Monroe J. and Shirley Brockbank Paxman collection on Iona Archibald and Peter Opie, 1988-1992
Scope and Contents
Includes correspondence, newsclippings, newsletters, and related ephemera collected and created by the Opies. Materials dated 1988 to 1992.
- Paxman, Monroe J. (collector, Person)
- Paxman, Shirley Brockbank, 1919-2015 (collector, Person)
- Opie, Iona, 1923-2017 (contributor, Person)
- Opie, Peter (contributor, Person)
Conditions Governing Access
Open for public research.
Conditions Governing Use
It is the responsibility of the researcher to obtain any necessary copyright clearances. Permission to use material from this collection must be obtained from Reference Services at firstname.lastname@example.org.
Iona Opie was born in 1923. In 1944, she married Peter Opie. They worked together researching children's folklore until Peter's death in 1982. After Peter's death, Iona continued her research. She is considered the authority on children's rhymes, street and playground games, and the tradition of Mother Goose.
Peter Opie was born in 1918. Opie was educated at Eton College. In 1944, he and Iona Archibald were married. They worked together researching the folklore of children until he died in 1982.
Shirley Brockbank Paxman was born in 1919. In 1942, she married Monroe Paxman. Paxman got her B.S. and M.S. from Brigham Young University in Child Development and Family Relations. She later received her R.N. from Holy Cross Hospital in Salt Lake City. She taught Child Development at Brigham Young University for many years and Nursing at Utah Valley State College. She opened the McCurdy Historical Doll Museum and ran it for many years. Paxman was instrumental in protecting Academy Square.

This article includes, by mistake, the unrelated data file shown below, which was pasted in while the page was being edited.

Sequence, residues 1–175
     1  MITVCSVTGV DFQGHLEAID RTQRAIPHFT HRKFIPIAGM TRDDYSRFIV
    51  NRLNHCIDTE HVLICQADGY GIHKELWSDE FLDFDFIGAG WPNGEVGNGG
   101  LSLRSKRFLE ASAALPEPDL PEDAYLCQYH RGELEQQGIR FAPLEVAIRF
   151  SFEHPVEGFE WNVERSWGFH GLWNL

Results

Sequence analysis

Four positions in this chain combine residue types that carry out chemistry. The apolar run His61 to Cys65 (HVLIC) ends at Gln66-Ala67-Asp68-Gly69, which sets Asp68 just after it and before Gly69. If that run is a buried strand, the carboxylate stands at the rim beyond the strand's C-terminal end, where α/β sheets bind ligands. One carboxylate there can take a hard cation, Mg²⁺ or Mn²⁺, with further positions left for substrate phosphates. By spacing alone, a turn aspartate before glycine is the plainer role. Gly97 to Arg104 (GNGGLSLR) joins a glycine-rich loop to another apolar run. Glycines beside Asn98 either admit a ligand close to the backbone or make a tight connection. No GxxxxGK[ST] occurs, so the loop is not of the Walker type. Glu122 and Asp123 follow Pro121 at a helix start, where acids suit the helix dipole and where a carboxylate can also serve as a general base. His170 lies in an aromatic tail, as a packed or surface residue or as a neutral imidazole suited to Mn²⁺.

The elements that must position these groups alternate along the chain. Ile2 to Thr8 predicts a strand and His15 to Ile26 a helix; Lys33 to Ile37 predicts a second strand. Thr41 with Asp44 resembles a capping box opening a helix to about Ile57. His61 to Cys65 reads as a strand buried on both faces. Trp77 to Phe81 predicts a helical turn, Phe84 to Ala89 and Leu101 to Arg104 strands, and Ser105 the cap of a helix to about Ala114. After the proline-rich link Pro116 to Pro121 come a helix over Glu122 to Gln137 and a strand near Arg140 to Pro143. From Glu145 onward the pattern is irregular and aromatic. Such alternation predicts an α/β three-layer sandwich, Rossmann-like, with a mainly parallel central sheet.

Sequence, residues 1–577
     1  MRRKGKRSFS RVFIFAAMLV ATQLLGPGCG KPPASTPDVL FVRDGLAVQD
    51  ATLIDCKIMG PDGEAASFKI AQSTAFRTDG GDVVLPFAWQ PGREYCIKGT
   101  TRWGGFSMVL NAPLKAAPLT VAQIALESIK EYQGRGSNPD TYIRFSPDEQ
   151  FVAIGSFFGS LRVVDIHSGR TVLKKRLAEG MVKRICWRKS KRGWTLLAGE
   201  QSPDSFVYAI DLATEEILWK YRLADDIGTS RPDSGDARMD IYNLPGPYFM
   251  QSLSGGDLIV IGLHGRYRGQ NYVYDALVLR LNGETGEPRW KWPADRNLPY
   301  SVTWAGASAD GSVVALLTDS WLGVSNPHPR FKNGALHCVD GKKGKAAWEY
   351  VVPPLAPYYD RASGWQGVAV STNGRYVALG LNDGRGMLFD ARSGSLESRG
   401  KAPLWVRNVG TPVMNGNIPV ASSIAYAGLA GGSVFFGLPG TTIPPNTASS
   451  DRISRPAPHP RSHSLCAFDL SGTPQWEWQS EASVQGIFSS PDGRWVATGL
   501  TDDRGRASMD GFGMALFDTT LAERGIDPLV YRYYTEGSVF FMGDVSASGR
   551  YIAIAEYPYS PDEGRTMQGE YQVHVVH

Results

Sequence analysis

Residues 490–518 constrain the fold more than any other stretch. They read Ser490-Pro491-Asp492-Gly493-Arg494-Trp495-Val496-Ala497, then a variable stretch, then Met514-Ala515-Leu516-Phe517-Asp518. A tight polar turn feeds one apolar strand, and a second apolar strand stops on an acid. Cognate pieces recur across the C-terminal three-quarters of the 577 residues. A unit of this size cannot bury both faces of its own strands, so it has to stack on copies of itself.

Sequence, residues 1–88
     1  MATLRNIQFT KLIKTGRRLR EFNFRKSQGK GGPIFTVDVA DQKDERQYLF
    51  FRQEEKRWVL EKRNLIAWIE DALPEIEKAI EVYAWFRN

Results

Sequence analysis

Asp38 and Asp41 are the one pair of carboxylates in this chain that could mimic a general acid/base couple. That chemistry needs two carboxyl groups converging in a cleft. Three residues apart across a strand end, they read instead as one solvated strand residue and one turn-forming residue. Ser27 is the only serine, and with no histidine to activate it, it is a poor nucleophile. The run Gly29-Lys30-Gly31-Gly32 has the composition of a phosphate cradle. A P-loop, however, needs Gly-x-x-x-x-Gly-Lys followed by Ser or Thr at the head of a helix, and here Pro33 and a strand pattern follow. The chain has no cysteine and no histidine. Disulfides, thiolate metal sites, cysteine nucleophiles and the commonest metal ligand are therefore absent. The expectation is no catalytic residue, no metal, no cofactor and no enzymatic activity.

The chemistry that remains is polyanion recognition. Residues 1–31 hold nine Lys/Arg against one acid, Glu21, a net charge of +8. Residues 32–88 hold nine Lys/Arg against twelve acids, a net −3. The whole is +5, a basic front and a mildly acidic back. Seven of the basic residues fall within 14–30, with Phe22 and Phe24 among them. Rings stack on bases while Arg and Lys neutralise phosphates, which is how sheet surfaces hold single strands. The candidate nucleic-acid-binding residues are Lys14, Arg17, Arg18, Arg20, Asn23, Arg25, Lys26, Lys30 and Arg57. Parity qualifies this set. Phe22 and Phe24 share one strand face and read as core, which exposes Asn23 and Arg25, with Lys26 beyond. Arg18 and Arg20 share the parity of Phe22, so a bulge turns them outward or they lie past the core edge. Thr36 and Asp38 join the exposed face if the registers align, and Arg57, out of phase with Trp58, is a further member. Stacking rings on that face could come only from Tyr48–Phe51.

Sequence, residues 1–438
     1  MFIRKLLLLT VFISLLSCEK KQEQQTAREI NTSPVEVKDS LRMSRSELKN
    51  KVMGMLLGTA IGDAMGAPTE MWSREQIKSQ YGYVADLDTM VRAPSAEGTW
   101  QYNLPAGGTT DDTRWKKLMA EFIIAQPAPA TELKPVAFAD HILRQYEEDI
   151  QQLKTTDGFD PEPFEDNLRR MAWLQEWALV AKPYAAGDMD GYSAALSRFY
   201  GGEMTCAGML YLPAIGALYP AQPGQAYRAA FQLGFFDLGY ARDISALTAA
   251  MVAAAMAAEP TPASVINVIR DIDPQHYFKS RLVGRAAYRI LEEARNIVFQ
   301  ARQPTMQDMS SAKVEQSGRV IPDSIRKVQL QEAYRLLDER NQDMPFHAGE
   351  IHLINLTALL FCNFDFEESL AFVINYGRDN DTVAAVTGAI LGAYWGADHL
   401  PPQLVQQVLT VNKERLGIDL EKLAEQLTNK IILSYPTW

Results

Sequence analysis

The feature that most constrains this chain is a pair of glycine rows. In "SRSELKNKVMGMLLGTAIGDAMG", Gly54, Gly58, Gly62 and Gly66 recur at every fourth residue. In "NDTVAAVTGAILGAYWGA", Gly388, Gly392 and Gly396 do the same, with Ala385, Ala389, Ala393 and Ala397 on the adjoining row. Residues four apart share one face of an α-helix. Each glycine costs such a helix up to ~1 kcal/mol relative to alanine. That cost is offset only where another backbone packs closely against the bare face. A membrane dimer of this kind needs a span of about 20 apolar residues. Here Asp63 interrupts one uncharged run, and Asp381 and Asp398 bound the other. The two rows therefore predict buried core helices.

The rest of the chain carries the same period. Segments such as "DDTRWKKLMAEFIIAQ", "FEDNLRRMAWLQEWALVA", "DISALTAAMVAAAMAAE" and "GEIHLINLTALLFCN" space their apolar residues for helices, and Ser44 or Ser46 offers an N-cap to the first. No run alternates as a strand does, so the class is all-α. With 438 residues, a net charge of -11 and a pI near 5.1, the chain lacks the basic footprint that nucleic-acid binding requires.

Monroe Paxman was born on April 7, 1919 to Achsa Eggerston Paxman and William Monroe Paxman. In 1942, he married Shirley Brockbank. They have seven children. Paxman received his JD from the University of Utah and served as a judge on the 4th District Juvenile Court from 1953 to 1969. He taught at Brigham Young University beginning in 1984, where he was awarded the Abraham O. Smoot Award. Paxman helped to run the McCurdy Historical Doll Museum with his wife for twenty-five years. He was also instrumental in saving Provo's Academy Square.
Language of Materials
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